A federal court decision that was favorable to Bayer Corp. and followed closely by the dietary supplement industry will stand.
FTC had until Tuesday, Nov. 24 to file a notice of appeal, but did not do so, according to Jonathan Cohn, Bayer’s outside counsel who is a partner in Washington with Sidley Austin LLP.
Federal judge Jose Linares rejected the government’s position that Bayer had failed to substantiate its statements touting the benefits of a probiotic supplement with “competent and reliable scientific evidence." That is the standard established by FTC in a 2001 guidance and referenced in a 2007 consent decree binding Bayer.
“We are glad the government did the right thing in not appealing," Cohn said in an email Wednesday. “The district court’s decision was unassailable."
FTC spokesmen had no immediate comment.
Representatives for the dietary supplement industry expressed concerns in court filings that the government was seeking to set a dangerous precedent by requiring Bayer to conduct human clinical trials in order to back up its statements that Phillips’ Colon Health helps defend against occasional constipation, diarrhea, gas and bloating.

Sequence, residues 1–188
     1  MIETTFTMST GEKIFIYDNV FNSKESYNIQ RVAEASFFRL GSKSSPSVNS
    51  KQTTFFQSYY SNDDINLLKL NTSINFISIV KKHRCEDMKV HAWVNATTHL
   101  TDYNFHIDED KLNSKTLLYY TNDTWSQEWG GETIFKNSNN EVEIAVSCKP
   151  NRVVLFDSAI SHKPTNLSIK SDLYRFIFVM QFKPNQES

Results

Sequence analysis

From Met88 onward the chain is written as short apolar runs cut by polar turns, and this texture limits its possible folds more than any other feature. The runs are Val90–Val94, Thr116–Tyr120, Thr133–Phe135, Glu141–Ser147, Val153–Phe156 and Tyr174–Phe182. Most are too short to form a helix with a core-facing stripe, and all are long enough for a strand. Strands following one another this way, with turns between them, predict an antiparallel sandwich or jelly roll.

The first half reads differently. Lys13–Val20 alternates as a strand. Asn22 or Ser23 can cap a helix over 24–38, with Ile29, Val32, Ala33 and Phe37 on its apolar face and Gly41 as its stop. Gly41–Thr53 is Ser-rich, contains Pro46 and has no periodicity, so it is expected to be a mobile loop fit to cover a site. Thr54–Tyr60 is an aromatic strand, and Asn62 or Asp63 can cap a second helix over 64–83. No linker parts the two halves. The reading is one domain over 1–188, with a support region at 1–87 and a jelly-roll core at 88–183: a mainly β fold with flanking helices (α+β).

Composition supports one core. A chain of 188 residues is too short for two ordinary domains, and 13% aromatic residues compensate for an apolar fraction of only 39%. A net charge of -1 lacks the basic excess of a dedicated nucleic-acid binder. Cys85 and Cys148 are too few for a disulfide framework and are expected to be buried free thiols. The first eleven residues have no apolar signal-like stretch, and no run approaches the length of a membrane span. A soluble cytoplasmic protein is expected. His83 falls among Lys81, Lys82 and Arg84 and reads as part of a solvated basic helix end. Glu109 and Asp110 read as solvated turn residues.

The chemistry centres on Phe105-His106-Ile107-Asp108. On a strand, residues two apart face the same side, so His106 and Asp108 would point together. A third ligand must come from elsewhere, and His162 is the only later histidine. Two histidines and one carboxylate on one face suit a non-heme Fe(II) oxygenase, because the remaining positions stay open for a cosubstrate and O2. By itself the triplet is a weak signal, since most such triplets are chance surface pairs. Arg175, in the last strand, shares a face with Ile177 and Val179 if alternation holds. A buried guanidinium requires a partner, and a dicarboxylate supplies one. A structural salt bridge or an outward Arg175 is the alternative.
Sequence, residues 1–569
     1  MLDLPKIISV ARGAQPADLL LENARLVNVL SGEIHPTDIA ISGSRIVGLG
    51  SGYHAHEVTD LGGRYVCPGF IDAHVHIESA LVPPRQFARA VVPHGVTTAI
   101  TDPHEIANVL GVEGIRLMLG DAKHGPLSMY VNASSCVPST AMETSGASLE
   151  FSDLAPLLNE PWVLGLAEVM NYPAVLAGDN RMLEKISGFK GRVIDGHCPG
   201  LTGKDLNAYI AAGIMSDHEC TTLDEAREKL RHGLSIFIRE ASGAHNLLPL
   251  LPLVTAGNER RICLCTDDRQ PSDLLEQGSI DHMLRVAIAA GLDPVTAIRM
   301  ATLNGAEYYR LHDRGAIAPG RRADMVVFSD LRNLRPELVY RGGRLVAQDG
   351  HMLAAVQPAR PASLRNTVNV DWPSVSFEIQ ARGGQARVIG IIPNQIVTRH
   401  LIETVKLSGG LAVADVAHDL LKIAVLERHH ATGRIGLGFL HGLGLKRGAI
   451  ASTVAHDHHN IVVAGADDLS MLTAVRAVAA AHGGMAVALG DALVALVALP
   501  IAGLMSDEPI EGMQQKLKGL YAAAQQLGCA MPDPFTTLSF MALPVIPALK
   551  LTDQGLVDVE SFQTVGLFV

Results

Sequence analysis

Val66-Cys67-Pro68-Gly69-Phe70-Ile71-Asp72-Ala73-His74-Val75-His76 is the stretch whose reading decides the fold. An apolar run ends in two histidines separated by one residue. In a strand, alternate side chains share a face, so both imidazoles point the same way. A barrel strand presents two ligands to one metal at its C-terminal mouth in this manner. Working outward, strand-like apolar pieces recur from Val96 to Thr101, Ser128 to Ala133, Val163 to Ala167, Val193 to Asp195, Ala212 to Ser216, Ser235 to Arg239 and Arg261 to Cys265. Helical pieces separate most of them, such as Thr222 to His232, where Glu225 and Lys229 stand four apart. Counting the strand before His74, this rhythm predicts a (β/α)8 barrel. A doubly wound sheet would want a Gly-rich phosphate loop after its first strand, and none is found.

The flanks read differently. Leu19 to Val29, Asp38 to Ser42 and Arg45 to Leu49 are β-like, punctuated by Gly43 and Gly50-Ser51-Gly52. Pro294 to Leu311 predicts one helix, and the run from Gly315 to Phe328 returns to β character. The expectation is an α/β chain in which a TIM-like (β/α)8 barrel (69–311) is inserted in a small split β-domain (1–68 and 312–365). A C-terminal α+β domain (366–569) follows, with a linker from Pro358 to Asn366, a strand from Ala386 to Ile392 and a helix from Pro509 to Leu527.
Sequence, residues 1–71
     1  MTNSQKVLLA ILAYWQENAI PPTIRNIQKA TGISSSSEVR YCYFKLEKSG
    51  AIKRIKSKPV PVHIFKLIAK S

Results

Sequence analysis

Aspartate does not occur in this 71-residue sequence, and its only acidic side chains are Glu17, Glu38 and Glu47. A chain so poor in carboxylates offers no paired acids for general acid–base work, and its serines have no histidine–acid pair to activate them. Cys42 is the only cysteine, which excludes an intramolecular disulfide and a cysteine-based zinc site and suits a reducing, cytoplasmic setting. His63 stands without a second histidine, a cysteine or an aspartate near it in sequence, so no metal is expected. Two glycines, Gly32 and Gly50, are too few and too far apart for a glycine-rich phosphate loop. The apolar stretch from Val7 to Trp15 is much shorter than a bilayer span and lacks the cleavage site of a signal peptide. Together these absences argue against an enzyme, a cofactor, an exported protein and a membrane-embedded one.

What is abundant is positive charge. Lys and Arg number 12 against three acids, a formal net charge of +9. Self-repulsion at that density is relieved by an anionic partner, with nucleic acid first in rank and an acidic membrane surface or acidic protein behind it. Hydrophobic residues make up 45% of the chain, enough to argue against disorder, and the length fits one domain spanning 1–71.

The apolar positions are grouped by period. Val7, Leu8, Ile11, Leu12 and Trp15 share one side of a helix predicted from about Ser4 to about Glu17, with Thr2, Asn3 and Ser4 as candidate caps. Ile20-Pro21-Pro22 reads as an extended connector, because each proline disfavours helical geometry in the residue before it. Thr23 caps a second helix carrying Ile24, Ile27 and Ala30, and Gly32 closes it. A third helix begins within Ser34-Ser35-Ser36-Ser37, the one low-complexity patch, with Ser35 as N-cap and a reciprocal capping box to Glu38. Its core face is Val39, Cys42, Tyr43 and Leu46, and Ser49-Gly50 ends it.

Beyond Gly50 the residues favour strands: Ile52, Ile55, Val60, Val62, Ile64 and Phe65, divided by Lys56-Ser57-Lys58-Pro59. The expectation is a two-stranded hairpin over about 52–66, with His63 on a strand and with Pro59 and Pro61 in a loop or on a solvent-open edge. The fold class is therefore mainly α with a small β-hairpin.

Bayer cited nearly 100 studies to substantiate its claims, and Linares disagreed with government lawyers that the company should be held in contempt for violating the consent decree.
“As two other courts have held, competent and reliable scientific evidence does not require drug-level clinical trials, and the Government cannot try to reinvent this standard through expert testimony," the judge wrote in his decision.